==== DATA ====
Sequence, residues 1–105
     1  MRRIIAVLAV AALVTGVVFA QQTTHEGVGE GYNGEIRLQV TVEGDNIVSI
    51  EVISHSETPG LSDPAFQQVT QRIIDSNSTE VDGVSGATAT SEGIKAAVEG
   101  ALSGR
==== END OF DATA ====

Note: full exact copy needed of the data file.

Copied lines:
Sequence, residues 1–105
     1  MRRIIAVLAV AALVTGVVFA QQTTHEGVGE GYNGEIRLQV TVEGDNIVSI
    51  EVISHSETPG LSDPAFQQVT QRIIDSNSTE VDGVSGATAT SEGIKAAVEG
   101  ALSGR